• AME503 – Avionics Systems – Electrical 15
  • AME504 – Avionics Systems – Instruments & Radio/Radar 15 5
  • AME505 – Technical Administration and Work-based Training 30 5
  • Nelson Marlborough Institute of Technology 10

Forms of Assessment

Assessments can include theory exams, practical skills assessments, assignments, assessment of work-based training, attendance and attitude to study, colleagues and supervisors.

Recognition of Academic Credit

Students may apply to have relevant experience or qualifications recognised as academic credit for courses within this programme. Methods of recognition include Recognition of Prior Learning (RPL) and Cross-Credit.

Recognition of Prior Learning (RPL)

Recognition of Prior Learning is the application of credit towards a qualification awarded following formal appraisal of prior learning in respect of learning arising from life experience, work experience, informal and/or formal education or training.

Cross Credit

Cross-Credit is the application of academic credit of a course towards an NMIT qualification, of a course already completed as part of another qualification that covers the same learning outcomes as the NMIT course and is at the same academic level. Applications for RPL or cross credit should be made to the Programme Leader. No fees apply to cross credit, but an RPL fee is charged for each course.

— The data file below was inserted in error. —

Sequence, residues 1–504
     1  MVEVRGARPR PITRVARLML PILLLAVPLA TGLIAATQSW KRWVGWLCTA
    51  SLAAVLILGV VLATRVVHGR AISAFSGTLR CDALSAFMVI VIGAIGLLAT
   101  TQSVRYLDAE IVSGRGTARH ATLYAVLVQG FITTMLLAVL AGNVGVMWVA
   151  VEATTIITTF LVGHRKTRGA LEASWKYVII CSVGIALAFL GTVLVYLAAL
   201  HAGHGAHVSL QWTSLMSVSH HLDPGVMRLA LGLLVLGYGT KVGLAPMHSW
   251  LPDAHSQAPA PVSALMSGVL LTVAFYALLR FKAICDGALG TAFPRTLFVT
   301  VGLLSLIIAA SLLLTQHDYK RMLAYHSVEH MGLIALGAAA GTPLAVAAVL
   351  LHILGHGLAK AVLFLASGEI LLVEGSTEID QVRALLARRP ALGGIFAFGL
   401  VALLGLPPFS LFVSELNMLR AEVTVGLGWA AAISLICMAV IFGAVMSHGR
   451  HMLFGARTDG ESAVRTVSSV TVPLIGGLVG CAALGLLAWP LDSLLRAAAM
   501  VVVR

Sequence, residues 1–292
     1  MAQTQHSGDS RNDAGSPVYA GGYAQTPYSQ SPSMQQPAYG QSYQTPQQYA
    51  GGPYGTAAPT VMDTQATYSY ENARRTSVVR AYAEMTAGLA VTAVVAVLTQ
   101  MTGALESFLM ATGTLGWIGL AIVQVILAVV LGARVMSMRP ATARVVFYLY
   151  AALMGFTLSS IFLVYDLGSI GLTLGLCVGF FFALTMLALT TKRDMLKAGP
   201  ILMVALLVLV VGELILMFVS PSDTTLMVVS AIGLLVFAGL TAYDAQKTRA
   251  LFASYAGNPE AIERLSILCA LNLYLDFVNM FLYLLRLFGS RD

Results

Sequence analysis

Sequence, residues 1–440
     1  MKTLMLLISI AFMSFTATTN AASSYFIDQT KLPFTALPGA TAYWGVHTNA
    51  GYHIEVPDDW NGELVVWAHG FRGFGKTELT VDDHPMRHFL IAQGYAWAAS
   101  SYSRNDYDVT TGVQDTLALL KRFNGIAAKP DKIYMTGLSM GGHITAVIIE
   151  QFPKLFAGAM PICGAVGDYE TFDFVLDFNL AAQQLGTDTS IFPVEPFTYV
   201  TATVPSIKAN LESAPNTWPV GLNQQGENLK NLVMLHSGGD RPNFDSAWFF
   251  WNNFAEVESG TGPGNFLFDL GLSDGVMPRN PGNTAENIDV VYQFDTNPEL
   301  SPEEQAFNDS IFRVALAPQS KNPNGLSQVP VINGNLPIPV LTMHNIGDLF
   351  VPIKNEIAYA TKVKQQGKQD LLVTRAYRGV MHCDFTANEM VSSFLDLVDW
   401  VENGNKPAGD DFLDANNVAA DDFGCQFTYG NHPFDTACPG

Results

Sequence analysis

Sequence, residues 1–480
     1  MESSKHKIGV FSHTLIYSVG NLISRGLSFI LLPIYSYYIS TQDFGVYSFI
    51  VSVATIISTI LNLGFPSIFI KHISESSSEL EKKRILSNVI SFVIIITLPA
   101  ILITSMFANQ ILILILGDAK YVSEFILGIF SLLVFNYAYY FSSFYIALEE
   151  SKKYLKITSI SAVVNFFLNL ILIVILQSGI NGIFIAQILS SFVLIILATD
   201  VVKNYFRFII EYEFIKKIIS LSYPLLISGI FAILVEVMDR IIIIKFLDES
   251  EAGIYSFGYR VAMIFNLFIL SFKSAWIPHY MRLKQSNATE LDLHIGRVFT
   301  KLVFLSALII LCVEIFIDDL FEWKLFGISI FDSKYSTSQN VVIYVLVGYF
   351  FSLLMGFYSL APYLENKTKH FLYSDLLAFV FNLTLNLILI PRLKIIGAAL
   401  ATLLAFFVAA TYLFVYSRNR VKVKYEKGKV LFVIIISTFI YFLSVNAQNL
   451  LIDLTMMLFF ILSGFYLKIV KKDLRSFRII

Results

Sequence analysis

Course Descriptors

AME201 – Personal Development and Engineering Safety 15 credits Pre-requisite None

This course provides students with the skills and knowledge to be responsible workers. First-aid and safety in the workshop ensure that students take care of themselves, workshop equipment and colleagues. Students are taught how to use and maintain tools and equipment and are introduced to the flight line where much of their work will be carried out. Skills for personal development such as CV writing and communication skills are included in this course.

AME301 – Trade Science and Administration 15 credits Pre-requisite None